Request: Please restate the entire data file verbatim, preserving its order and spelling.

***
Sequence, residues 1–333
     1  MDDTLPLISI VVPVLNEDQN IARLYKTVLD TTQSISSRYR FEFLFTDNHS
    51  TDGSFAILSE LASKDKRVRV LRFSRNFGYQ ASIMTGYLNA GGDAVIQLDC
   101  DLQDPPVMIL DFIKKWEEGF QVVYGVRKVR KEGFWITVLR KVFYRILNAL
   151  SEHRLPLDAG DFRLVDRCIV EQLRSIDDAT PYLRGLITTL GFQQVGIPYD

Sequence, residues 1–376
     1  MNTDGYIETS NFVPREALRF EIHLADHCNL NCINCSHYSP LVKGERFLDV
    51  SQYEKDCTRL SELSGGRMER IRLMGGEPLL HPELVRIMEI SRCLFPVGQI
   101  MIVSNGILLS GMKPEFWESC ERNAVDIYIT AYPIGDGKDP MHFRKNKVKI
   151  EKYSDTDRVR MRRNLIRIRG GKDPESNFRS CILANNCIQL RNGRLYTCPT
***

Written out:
Sequence, residues 1–333
     1  MDDTLPLISI VVPVLNEDQN IARLYKTVLD TTQSISSRYR FEFLFTDNHS
    51  TDGSFAILSE LASKDKRVRV LRFSRNFGYQ ASIMTGYLNA GGDAVIQLDC
   101  DLQDPPVMIL DFIKKWEEGF QVVYGVRKVR KEGFWITVLR KVFYRILNAL
   151  SEHRLPLDAG DFRLVDRCIV EQLRSIDDAT PYLRGLITTL GFQQVGIPYD

Sequence, residues 1–376
     1  MNTDGYIETS NFVPREALRF EIHLADHCNL NCINCSHYSP LVKGERFLDV
    51  SQYEKDCTRL SELSGGRMER IRLMGGEPLL HPELVRIMEI SRCLFPVGQI
   101  MIVSNGILLS GMKPEFWESC ERNAVDIYIT AYPIGDGKDP MHFRKNKVKI
   151  EKYSDTDRVR MRRNLIRIRG GKDPESNFRS CILANNCIQL RNGRLYTCPT